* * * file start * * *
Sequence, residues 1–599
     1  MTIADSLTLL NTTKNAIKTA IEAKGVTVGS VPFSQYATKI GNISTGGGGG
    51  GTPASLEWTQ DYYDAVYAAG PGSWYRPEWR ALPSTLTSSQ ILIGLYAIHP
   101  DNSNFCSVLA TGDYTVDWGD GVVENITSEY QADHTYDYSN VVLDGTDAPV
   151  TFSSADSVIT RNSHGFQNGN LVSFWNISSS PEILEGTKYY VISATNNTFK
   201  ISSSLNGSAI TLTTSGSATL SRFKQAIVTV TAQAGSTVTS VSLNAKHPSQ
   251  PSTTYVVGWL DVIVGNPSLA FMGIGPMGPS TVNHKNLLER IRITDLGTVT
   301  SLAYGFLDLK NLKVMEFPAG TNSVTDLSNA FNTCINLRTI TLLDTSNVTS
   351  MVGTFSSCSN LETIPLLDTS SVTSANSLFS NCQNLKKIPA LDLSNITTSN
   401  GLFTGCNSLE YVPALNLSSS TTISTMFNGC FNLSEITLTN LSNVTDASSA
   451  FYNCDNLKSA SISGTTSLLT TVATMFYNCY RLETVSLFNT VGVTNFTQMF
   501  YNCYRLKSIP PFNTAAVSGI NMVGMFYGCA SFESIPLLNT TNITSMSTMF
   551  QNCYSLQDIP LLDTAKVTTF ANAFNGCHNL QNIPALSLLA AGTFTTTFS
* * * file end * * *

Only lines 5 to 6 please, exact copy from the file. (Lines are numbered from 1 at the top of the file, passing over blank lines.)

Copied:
   151  TFSSADSVIT RNSHGFQNGN LVSFWNISSS PEILEGTKYY VISATNNTFK
   201  ISSSLNGSAI TLTTSGSATL SRFKQAIVTV TAQAGSTVTS VSLNAKHPSQ